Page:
Featuring and Hancock’s trademark , the release of the was a defining moment in both Hanock’s career and in the history of . , elements of
The only survivor from the early Warner albums is saxophonist/ clarinettist and flautist, and his contribution is crucial to the success of the set.
His playing on tenor is tough with a big full sound that punches through the rhythm section while his playing on the higher-pitched saxello and soprano saxophones dominate, riding above keyboards, and percussion, and adding excitement and tension to the .
Of the four titles recorded, Hancock revisits ‘Watermelon Man‘ from his debut with a completely fresh arrangement. The slow groove that comes in after the introduction perfectly suits Maupin’s reading of the melody on soprano.
Understated yet totally in tune with Herbie’s updated voicings and score, ‘The closing ‘Vein Melter’ is a cleverly worked composition with its gentle introduction featuring Maupin’s before the string sounds from the synthesizers enhance the dreamy and reflective nature of the piece. Hancock follows this with an ethereal contribution that is simultaneously a solo, and not a solo.
However, the real meat and drink are to be found in ‘Sly’ – a tribute to of Sly and The – and the fifteen-minute tour de force, ‘Chameleon’.
The opening riff sets things up for the duration but what is clever is that the emphasis on the groove is always present but never dominating.
Throughout the solo, there is a judicious use of the pitch bend wheel but the shrillness of the electronic instrument in the mix shows that the technology lags behind the inventiveness of the player.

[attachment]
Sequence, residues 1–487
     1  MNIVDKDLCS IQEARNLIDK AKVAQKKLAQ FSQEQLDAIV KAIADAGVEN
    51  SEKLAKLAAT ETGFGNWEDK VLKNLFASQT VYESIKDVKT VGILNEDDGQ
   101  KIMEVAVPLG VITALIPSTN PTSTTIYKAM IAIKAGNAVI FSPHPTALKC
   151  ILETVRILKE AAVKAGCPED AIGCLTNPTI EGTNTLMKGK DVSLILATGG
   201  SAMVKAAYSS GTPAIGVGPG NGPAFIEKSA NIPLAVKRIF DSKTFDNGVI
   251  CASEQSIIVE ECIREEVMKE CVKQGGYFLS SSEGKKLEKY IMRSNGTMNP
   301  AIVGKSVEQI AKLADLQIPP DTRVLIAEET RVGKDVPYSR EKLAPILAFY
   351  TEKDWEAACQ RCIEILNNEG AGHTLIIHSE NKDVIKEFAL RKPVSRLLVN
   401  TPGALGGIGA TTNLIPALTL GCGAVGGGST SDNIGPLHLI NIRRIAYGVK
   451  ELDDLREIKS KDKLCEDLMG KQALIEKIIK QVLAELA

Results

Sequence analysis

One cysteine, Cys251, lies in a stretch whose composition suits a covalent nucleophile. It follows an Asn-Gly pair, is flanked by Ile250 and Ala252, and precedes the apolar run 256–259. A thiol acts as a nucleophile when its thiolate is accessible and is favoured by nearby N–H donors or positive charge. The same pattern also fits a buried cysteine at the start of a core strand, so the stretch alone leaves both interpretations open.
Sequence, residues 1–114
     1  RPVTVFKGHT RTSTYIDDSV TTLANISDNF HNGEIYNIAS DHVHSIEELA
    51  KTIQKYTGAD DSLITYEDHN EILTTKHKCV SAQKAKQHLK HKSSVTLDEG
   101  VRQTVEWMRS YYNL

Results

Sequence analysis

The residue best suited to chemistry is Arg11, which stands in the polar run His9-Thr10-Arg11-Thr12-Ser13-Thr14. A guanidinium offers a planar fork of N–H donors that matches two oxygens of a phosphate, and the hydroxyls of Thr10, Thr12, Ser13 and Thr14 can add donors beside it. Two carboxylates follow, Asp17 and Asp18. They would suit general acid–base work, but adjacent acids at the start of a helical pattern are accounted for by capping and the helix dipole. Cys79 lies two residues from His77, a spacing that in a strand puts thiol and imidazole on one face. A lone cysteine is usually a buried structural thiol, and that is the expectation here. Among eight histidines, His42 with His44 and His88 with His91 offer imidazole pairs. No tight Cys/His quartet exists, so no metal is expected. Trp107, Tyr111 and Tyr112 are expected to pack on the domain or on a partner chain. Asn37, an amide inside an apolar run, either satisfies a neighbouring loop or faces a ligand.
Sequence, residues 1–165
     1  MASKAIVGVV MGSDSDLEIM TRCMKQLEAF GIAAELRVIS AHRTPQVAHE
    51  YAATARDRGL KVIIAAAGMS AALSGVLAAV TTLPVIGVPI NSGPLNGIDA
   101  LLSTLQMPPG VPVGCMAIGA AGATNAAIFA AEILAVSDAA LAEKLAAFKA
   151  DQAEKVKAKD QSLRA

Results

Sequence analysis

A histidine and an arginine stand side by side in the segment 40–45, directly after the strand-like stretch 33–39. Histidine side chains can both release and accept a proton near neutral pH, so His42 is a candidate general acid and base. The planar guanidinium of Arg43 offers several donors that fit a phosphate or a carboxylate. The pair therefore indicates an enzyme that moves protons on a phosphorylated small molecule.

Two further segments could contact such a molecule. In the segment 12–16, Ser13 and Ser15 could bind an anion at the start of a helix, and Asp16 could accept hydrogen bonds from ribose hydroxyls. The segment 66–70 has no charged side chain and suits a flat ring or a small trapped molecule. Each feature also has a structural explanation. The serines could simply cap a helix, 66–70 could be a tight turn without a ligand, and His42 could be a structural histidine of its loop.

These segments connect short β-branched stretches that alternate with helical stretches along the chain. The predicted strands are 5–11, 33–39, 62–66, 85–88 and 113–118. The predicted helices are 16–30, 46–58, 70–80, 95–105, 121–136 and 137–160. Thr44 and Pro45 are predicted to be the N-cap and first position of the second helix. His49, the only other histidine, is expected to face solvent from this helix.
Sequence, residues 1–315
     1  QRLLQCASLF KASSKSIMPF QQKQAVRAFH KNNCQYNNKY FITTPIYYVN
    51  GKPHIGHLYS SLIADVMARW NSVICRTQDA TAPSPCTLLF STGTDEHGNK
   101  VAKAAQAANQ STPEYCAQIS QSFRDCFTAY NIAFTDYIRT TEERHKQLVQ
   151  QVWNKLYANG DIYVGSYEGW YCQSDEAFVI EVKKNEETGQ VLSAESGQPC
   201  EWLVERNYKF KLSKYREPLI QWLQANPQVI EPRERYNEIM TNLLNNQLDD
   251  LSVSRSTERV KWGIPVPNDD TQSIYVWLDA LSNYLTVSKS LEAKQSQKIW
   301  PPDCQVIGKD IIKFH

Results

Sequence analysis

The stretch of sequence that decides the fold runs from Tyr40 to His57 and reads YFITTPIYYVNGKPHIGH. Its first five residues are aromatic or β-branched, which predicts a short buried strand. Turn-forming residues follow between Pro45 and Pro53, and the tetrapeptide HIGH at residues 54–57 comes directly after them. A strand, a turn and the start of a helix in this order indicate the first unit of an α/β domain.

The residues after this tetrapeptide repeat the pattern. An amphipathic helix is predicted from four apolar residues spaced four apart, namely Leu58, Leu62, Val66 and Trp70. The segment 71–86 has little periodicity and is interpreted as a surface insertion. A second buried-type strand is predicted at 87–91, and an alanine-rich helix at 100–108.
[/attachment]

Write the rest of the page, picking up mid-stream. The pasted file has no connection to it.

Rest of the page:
Order is quickly restored at around the halfway mark when Hancock switches to the with a fine solo.
As the solo gives way to the punchy theme statement that characterises ‘Chameleon’ with the inventive use of synth backdrops, Maupin gets an all too brief solo on tenor sax that is every bit as inventive as that of the leader.
‘Sly’ opens with another great melody, taken at a steady yet slow tempo, and some lovely soprano playing.
This gives way to another brief and punchy theme before the tempo and rhythmic urgency move up a gear and , this time on saxello, kicks up a storm in his most impassioned outing of the set.
Hancock follows with his solo again on the which allows him to be more rhythmically adventuress and flowing that the synthesizers of the time could, and he digs in hard. This is another big number and pushes the and the musicians in a most satisfying performance.
In only a few short years after the release of the fusion revolution was not so much running at full steam ahead but running out of steam. Viewed with suspicion by the , and in lesser hands was often plagued by excessive displays of virtuosity that bordered on the self-indulgent.
However, fifty years on Head Hunters by Herbie Hancock is an that, although not without its flaws, promised much and delivered.
Nick Lea is a British jazz writer who has been publishing articles, interviews and news about jazz for more than 20 years. He is editor and writer for Jazzviews.net